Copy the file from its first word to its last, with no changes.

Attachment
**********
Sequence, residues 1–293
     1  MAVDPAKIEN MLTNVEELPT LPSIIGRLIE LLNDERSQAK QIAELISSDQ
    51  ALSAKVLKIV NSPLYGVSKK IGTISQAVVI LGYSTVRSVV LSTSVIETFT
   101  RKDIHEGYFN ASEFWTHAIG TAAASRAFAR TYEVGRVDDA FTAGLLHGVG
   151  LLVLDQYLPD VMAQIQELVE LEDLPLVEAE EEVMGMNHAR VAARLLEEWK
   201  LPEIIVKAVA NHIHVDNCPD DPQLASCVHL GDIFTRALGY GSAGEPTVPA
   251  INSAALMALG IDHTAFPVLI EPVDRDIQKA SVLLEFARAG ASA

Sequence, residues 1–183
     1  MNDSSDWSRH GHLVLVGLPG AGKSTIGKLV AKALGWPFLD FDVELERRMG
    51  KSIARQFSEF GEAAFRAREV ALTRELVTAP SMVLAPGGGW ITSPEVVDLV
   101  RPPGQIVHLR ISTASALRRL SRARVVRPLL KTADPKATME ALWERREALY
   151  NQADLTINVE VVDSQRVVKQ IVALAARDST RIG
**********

Sequence, residues 1–293
     1  MAVDPAKIEN MLTNVEELPT LPSIIGRLIE LLNDERSQAK QIAELISSDQ
    51  ALSAKVLKIV NSPLYGVSKK IGTISQAVVI LGYSTVRSVV LSTSVIETFT
   101  RKDIHEGYFN ASEFWTHAIG TAAASRAFAR TYEVGRVDDA FTAGLLHGVG
   151  LLVLDQYLPD VMAQIQELVE LEDLPLVEAE EEVMGMNHAR VAARLLEEWK
   201  LPEIIVKAVA NHIHVDNCPD DPQLASCVHL GDIFTRALGY GSAGEPTVPA
   251  INSAALMALG IDHTAFPVLI EPVDRDIQKA SVLLEFARAG ASA

Sequence, residues 1–183
     1  MNDSSDWSRH GHLVLVGLPG AGKSTIGKLV AKALGWPFLD FDVELERRMG
    51  KSIARQFSEF GEAAFRAREV ALTRELVTAP SMVLAPGGGW ITSPEVVDLV
   101  RPPGQIVHLR ISTASALRRL SRARVVRPLL KTADPKATME ALWERREALY
   151  NQADLTINVE VVDSQRVVKQ IVALAARDST RIG